Lighten up

Developing nondarkening cranberry and pinto beans to meet market preferences
Carolyn King
October 30, 2015
By Carolyn King

Dry beans with coloured markings on a white background – cranberry and pinto beans – are prone to darkening after harvest, which can cause their price to be discounted. So Peter Pauls at the University of Guelph (UofG) is leading a research effort to develop nondarkening varieties for Ontario.

Post-harvest darkening is an issue all along the value chain, right up to the consumer. “Pinto and cranberry consumers are quite knowledgeable about our products and demand a bright and natural colour for their product use. The visual stimulation of the cranberry and pinto colours is a big factor in consumer purchases,” notes Brad Chandler, commercial business manager for the Hensall District Co-operative (HDC), a farmer-owned, diversified agri-business that includes dry bean processing and marketing.

Darkening is influenced in part by how the beans are handled and stored; it tends to happen faster if the beans are exposed to light, heat and high humidity.

“Let’s say I spill some cranberry beans on the ground when I’m harvesting. If they’re left out in the sun for a day, they will be brown,” says Mike Donnelly-Vanderloo, who chairs the Ontario Bean Growers’ research committee. “In a very short time, cranberry beans can go from a nice creamy white with these beautiful reddish-maroon stripes, a very colourful bean, to a tan to medium brown bean where you can hardly distinguish the stripes. Pintos have the same problem; when they darken, you don’t see the natural colour patterns of the bean.”

With proper handling and storage, the beans are much slower to darken. “Typically, bean moisture and storage conditions are key factors to modifying colour loss, and we take great efforts to ensure that our beans are at optimum moisture and in proper warehouse storage,” Chandler says.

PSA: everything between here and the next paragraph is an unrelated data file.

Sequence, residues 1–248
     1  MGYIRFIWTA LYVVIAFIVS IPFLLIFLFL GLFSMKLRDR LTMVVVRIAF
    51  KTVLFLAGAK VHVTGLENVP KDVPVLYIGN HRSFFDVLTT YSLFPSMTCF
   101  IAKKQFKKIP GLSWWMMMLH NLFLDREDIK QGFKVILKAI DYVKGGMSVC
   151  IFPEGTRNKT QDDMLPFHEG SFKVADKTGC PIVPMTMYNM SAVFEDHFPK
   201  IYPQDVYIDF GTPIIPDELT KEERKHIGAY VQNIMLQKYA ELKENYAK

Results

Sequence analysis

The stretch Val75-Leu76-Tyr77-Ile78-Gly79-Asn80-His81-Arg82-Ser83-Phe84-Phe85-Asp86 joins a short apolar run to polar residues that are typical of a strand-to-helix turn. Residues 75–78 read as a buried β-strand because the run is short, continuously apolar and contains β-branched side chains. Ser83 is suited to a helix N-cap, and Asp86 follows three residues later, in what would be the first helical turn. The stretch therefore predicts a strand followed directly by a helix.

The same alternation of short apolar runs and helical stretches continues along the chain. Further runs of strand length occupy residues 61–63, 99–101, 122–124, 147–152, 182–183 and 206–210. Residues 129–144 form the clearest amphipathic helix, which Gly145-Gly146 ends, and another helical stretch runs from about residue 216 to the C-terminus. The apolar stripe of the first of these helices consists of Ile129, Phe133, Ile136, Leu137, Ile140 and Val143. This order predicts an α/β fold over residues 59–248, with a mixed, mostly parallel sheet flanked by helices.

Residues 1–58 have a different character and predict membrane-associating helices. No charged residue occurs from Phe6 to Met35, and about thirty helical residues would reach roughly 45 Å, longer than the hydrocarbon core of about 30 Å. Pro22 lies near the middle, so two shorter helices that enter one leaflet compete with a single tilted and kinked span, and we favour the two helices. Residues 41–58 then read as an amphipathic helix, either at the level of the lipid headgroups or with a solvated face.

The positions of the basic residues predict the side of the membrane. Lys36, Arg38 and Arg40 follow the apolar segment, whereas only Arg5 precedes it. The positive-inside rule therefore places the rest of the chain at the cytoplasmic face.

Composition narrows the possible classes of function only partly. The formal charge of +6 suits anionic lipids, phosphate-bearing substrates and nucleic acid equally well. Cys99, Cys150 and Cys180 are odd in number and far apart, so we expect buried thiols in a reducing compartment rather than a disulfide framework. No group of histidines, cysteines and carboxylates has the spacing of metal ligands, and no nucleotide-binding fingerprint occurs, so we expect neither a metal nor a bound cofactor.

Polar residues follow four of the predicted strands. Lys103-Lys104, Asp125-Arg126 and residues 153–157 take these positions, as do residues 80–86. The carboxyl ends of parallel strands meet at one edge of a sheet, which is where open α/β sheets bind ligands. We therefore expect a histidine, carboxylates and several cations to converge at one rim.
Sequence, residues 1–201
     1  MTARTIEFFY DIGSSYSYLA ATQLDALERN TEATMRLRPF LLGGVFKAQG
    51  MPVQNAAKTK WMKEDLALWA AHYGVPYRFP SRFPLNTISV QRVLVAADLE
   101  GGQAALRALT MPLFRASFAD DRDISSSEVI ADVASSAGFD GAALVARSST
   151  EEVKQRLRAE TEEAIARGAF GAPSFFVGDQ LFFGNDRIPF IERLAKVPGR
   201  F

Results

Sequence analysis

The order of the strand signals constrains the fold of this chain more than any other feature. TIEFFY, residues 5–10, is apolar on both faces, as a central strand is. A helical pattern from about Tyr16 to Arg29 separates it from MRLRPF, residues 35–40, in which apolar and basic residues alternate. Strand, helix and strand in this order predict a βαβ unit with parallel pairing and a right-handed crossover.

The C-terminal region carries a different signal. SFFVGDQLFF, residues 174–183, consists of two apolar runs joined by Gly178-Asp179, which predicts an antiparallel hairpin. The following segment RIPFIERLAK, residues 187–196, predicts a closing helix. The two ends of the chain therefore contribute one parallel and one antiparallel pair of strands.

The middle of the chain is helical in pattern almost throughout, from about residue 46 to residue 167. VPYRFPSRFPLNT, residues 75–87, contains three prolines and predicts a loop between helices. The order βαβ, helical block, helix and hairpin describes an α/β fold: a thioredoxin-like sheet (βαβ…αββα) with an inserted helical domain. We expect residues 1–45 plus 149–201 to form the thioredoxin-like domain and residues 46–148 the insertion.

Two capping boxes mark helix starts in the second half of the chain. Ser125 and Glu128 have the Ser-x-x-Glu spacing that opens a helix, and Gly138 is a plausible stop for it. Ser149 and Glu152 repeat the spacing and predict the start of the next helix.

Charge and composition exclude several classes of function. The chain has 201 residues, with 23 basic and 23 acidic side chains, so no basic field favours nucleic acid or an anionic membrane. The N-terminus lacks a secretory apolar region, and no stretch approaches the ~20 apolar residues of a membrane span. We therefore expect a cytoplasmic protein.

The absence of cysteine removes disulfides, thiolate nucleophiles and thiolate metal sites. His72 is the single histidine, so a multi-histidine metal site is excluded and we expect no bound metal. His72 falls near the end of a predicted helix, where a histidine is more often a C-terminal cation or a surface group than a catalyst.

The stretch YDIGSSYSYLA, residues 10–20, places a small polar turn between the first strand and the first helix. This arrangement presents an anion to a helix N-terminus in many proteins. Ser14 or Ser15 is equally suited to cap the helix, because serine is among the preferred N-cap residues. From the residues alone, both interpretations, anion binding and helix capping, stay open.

However, it may be a year or more before the beans are consumed, so pinto and cranberry beans that never darken would be an advantage.

Chandler notes, “Having [nondarkening varieties] will ensure our consumers receive a consistent, bright-coloured product, regardless of the harvest date. HDC would expect to see retail and food service sales strengthen as consumers gain an awareness of the lack of colour deterioration.”

From Donnelly-Vanderloo’s viewpoint, the key advantage of nondarkening beans for growers is risk reduction. He observes that Ontario crop insurance rates for cranberry bean are higher than those for other dry beans. For instance, the maximum coverage available for cranberry bean is 80 per cent and costs $33.24 per acre. For white beans, the maximum coverage is 85 per cent and costs only $16.91 per acre. “Part of the reason for the higher insurance for cranberry beans is because they can deteriorate in the field quite quickly, especially if harvest is delayed. They really weather and part of that has to do with this darkening,” he says.

Donnelly-Vanderloo is especially interested in the possibility of nondarkening cranberry beans because of the importance of this bean to Ontario growers. In 2014, cranberry bean (also called Romano bean) was the second most commonly grown dry bean in the province.